White House offers small pay raise for troops in 2011
January 27, 2010
WASHINGTON — The White House will propose a 1.4 percent military pay increase in 2011, which if approved would be the smallest since the start of all-volunteer military in 1973.
That figure represents a steep drop from the 3.9 percent boost troops saw earlier this month.
White House officials said the 1.4 percent figure, which will be included in the fiscal 2011 budget to be unveiled Monday, is based on projected private sector wage increases for next year. By law, the administration’s pay increase proposal is resrticted to no more than the Employment Cost Index, which for 2011 is the lowest in more than a decade.
But officials also note that housing allowance increases, new retention bonuses and specialty pays will drive troops’ actual compensation up about 4.2 percent next year. They admitted the pay raise figure islow, but said they’re confident troops will be satisfied with the full compensation package, especially considering the country’s continued economic difficulties.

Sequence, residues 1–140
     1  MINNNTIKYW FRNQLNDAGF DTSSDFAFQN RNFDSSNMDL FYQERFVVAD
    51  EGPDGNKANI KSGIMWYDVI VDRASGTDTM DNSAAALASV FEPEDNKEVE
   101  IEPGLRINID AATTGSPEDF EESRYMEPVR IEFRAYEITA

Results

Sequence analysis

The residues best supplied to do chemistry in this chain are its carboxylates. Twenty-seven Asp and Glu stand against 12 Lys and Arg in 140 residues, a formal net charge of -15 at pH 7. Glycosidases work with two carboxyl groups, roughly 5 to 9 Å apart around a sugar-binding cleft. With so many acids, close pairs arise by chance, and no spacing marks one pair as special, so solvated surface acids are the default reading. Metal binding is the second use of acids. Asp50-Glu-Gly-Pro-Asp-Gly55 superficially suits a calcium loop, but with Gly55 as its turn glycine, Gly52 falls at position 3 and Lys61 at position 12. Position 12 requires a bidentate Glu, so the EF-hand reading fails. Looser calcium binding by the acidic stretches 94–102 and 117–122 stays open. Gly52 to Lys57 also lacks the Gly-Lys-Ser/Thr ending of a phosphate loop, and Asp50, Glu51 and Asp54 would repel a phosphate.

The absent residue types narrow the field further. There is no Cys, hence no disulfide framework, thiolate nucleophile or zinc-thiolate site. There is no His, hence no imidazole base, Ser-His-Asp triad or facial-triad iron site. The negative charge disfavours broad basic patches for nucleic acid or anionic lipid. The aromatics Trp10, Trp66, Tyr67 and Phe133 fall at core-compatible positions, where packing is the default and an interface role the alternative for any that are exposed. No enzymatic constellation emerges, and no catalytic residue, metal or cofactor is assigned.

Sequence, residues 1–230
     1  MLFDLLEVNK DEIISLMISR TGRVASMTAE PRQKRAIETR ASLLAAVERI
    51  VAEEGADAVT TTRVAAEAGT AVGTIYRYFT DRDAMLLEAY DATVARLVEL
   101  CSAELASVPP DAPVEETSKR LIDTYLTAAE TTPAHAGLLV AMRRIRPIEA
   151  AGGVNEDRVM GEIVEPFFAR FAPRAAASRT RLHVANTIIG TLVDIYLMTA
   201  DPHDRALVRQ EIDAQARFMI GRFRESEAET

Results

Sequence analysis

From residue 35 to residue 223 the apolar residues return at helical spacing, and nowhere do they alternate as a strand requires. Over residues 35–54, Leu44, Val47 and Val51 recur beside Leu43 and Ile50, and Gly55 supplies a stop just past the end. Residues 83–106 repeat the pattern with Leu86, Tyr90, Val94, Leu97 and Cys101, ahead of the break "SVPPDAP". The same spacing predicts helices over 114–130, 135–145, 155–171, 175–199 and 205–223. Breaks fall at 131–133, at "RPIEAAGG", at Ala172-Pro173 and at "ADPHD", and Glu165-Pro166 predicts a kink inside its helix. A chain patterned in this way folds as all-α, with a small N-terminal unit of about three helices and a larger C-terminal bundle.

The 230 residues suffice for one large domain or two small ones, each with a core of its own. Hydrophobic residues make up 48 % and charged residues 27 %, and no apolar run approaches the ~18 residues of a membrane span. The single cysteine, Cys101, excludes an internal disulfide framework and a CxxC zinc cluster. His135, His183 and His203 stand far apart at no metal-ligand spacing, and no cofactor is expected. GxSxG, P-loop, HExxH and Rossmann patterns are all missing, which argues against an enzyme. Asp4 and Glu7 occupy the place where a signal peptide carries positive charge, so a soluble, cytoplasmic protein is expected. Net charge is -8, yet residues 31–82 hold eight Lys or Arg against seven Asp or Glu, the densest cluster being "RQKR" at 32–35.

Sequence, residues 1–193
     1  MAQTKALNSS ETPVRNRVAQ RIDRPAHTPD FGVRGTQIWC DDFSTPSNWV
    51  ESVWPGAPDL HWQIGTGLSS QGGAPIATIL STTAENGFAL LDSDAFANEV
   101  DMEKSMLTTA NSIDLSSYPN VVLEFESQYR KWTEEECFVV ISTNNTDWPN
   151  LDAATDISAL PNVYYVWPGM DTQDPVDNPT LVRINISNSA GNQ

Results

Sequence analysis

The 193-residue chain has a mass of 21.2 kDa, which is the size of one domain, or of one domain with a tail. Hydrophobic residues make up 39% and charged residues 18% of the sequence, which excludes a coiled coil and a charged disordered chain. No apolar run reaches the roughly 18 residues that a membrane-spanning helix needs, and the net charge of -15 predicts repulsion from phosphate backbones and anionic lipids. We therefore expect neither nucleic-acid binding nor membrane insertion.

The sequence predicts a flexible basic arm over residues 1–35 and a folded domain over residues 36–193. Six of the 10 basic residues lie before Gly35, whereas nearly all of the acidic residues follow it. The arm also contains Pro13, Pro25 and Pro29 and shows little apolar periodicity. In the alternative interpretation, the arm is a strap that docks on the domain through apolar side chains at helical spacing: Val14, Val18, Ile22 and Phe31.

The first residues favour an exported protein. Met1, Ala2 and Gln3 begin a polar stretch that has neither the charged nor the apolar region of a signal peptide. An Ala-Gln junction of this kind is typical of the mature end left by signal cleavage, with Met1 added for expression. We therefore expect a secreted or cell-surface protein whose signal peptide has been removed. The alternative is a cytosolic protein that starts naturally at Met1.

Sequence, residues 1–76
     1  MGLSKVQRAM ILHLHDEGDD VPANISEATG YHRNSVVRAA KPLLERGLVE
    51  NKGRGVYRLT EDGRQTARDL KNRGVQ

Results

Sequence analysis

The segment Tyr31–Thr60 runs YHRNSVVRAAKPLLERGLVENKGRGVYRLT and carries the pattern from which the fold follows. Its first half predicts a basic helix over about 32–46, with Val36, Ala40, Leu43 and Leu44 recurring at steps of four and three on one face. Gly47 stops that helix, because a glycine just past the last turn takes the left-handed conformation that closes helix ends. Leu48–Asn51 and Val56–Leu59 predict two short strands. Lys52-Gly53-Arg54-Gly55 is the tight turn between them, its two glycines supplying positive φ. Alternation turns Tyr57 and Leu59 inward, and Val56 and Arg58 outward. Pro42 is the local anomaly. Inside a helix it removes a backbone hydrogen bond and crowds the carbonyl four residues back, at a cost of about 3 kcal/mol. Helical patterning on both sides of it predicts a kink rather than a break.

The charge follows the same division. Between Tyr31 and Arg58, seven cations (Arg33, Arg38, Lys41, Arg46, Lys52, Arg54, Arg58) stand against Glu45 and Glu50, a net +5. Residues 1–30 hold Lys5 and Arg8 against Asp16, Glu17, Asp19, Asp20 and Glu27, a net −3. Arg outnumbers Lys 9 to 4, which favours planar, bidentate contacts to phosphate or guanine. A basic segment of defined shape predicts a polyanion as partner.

News of the diminished pay raise proposal came before First Lady Michelle Obama addressed military spouses at Bolling Air Force Base on Tuesday, touting a series of efforts to improve the quality of life for military families.
The 2011 budget will also include a 3 percent increase in spending for family support programs, including $1.3 billion to cover child care shortages and $1.9 billion to provide more family counseling options.
The budget plan also calls for the replacement or renovation of 103 Defense Department schools by 2015 — many of which are overseas, officials said — and $262 million for veterans employment and training programs, $6 million more than in the last budget.
“We’ve seen the huge burden of eight years of war on our troops: tour after tour, year after year, missing out on moments every parent treasures,” she said. “We’ve seen sacrifices of families on the home front. ... That’s why my husband and his administration have worked to do right by our armed forces and their families, to be there like you have been for us, to lighten your load as you have lightened ours.”
Officials also said that the first lady played a key role in setting military family priorities in the budget, calling attention to the complaints and needs of spouses and wounded troops whom she met with over the course of the last year.